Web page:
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ONLINE READERS COMMENT: Data absent from the abortion debate

Tuesday, November 20, 2018

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Dear Editor,

The debate in Jamaica over abortion has been noteworthy for the almost complete absence from it of bio-medical data and, disappointingly, of those knowledgeable in that field. As a result the protagonists have been divided between moralists and church people on one side and, on the other, those concerned for the victims of rape and for girls and women often forced into dangerous back street abortions.

Bio-medical research into human conception, starting from some 60 years ago, has been extensive. The complexity of that process is immense, with findings as a result much controverted. However, one datum is widely accepted, though the numbers proposed stretch from 10-20 to 70-80 per cent. The numbers are of the human embryos lost ('wasted') between fertilisation in the fallopian tube (where a male sperm penetrates the egg coming from the ovary) and implantation in the uterus (where foetal development occurs). Speaking now not of a single woman but of the many women surveyed, lost embryos are simply passed out in their next menses.

This loss of embryos does suggest that the notion of souls inserted by special divine action at the moment of conception is ill considered. No reasoned argument has been given for it. It is an assumption that does not make sense. One humourist has asked about Heaven being “peopled” with billions of embryos with souls!

The church people who rail against repeal of the articles (72-73 of the Offences Against the Person Act) that ban abortion appear to disregard the straightforward distinction between human and human being. The cell swabbed from inside a human cheek is human. It has 46 chromosomes. It can be used for an in vitro fertilisation to become a human embryo. It is not yet, however, a human being any more than a pear seed is a pear tree. No matter the difference in value (because of potential) between pear seed and human embryo, a human embryo is human but at embryo stage, not at human being stage. It is far from a minimal level of humanity – the ability to survive outside the womb that stems from months of development. (Which is not therefore to sanction abortion at any time up to that point.)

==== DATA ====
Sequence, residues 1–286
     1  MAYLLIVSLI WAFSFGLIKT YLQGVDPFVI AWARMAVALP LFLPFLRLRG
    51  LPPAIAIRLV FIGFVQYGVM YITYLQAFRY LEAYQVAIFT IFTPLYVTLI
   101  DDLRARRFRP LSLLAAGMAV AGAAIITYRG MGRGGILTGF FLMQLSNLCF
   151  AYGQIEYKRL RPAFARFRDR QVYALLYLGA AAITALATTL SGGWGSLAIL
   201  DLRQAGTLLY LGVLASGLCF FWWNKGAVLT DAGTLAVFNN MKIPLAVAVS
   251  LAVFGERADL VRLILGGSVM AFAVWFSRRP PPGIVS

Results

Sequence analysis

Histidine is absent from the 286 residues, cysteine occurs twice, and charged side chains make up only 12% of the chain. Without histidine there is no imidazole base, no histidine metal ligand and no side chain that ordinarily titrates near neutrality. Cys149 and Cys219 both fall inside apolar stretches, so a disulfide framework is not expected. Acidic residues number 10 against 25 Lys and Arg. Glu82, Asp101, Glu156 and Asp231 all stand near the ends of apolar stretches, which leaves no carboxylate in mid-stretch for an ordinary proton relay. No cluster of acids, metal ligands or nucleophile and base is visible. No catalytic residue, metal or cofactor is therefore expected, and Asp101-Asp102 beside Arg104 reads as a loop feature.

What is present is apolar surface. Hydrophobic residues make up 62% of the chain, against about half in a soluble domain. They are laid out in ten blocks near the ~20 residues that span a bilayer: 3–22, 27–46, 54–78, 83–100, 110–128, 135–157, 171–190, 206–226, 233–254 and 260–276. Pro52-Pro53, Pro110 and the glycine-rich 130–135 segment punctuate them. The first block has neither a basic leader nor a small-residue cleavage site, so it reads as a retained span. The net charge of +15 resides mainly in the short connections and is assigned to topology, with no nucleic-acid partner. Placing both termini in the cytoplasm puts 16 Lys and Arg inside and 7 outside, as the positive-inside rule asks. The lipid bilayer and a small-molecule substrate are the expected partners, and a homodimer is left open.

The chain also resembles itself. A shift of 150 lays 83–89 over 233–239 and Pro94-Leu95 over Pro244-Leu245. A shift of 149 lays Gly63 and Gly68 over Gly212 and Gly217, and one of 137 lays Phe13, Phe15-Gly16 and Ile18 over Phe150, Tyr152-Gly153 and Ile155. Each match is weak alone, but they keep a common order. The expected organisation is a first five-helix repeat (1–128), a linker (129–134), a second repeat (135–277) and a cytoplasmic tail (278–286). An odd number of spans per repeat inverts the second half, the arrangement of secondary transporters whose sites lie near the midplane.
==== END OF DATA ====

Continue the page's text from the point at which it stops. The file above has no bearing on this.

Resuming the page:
Furthermore, the embryo will be undeveloped not only in its body component but also in its spirit or soul component. The two are mutually complementary, made to develop together. The embryo's soul cannot be at such a level as to qualify its possessor as a human person or human being and thence to make the deliberate termination of its life the murder that church people proclaim. The absurdity of the disproportion between embryo body and personhood should be patent.

My hope is that Health Minister Chris Tufton will continue to push as bravely for the closure of the decades-long and inconclusive debate on abortion as he has done in raising it.

Horace Levy

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